The wind skills base needs both offshore and onshore development to thrive

The government has signalled it understands the need for more funding to help the UK develop its offshore wind industry, but with onshore wind an established, secure source of power, it needs to consider fully the ramifications of cutting subsidies.

Energy & Utility Skills (EU Skills) was pleased to see chancellor of the exchequer George Osborne, recognise the challenges offshore faces, in his 2013 Autumn Statement. But it is also urging the government not to overlook onshore, owing to the fact that the planned 4.5GW of power forms a vital part of the UK’s overall energy security policy

Research conducted by EU Skills shows that almost 45,000 jobs could be created in offshore wind over the next ten years, but there could also be more than 37,000 created across onshore. To this effect, the government needs to support both to ensure the industry grows at the required rate.

Onshore wind is a better-known technology with a track record of success, and presents a better risk/reward ratio to investors – it offsets the cost of deep-water construction, which is still not seen as a viable option. Currently 4,500 MW of onshore wind capacity, enough to supply power to three million homes, could be put at risk if investors are forced to recalculate finances following the budget announcement.

If support for onshore wind is cut, we gamble with an integral part of our overall energy security policy. The question has to be asked, if we lose the generating capacity to supply three million homes through wind, what will step in to fill that gap? It would take billions of cubic meters of gas each year to replace lost capacity. In turn, this could have a huge environmental impact, heavily denting the UK’s long-term commitment to achieving 15 per cent power generation from renewable sources by 2020.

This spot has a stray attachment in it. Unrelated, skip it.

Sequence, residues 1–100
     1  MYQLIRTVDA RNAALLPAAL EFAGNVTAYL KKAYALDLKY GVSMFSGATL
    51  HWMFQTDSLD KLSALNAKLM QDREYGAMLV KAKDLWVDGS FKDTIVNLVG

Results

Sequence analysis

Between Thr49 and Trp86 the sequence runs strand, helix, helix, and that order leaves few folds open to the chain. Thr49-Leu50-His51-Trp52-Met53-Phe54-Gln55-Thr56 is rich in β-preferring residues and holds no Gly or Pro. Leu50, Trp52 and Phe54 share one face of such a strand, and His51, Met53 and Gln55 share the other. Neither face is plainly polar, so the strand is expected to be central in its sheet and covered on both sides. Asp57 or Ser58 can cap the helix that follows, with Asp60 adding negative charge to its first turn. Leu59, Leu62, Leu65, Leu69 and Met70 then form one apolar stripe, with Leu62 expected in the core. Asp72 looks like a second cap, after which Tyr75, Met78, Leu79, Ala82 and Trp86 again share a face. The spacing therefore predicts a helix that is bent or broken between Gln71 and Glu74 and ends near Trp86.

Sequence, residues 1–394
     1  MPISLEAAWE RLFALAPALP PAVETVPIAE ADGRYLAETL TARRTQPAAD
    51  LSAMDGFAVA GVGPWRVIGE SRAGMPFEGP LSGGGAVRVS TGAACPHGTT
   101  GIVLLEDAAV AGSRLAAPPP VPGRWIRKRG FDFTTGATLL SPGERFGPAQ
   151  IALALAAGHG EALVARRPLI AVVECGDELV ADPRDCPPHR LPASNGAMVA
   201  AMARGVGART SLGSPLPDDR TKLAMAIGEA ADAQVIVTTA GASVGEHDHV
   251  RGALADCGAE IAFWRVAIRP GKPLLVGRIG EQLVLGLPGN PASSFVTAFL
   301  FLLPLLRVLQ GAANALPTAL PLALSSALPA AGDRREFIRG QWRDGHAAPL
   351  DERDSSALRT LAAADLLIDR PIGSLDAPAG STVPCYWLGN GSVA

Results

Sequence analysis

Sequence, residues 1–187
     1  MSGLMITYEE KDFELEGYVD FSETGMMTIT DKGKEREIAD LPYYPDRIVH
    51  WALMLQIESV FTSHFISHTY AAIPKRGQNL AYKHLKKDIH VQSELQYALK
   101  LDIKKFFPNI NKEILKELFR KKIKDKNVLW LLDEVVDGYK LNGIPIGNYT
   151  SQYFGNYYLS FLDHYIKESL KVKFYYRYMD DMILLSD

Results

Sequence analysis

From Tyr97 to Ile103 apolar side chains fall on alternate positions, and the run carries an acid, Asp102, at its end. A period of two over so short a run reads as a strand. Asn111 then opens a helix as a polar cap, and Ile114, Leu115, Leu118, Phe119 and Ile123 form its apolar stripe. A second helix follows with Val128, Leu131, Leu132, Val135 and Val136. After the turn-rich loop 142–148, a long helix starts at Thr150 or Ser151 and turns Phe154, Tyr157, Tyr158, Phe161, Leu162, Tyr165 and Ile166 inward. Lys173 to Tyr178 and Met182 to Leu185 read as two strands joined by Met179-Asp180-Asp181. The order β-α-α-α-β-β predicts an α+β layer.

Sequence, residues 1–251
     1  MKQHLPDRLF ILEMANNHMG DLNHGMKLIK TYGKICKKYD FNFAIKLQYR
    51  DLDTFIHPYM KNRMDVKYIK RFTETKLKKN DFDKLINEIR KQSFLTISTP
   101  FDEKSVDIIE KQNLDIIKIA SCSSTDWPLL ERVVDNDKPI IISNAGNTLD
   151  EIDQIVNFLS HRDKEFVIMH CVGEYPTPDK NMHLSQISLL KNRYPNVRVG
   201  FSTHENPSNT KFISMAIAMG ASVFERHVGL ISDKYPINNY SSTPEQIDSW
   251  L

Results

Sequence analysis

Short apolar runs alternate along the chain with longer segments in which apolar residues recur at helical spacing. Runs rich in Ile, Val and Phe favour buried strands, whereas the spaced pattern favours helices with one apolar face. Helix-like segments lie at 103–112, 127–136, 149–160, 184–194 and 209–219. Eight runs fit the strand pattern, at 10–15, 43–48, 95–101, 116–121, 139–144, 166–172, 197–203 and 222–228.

With RWE nPower recently pulling out of the Atlantic Array project, sustained support for both onshore and offshore projects is now more important than ever, if we are to make them both attractive prospects for investors.

Both areas require enough support to allow growth in the renewables sector. The recent subsidy changes will have a negative impact on the large increase in employment numbers in the sector predicted over the next 10 years, recently captured in EU Skills’ + Renewable UK ‘Working for a Green Britain & Northern Ireland 2013-23’ research report. It shows how the industry has expanded and can support an ever-increasing number of workers, while boosting the economy as a whole. Not only that, the increase in strike price for offshore wind will help investors move from planning into construction, creating offshore jobs, however, at the same time this could jeopardise onshore employment at the same time – a case in point for the need to maintain funding here.

If there is to be growth in the offshore job market, then it is important to ensure that people have the skills to be able to perform in the industry.  Through the Employer Ownership of Skills (EOS) pilot and the Employer Investment Fund (EIF), the government has enabled EU Skills to work with employers to guarantee a stream of top quality people are entering the sector.

These subsidy changes stand to benefit one area of the renewables market, by making it easier for companies to set up wind farms offshore and staff them with appropriate individuals. However, the subsidies could affect the onshore jobs market if companies are forced to send their funding elsewhere. Instead, the government needs to clarify what it intends to do to support the future of the entire wind industry and the rest of the renewables market as a whole.

Sarah Johnson, head of renewables, National Skills Academy for Power.


This Perspective was published in the January issue of New Power.  For more information and a sample copy contact [email protected]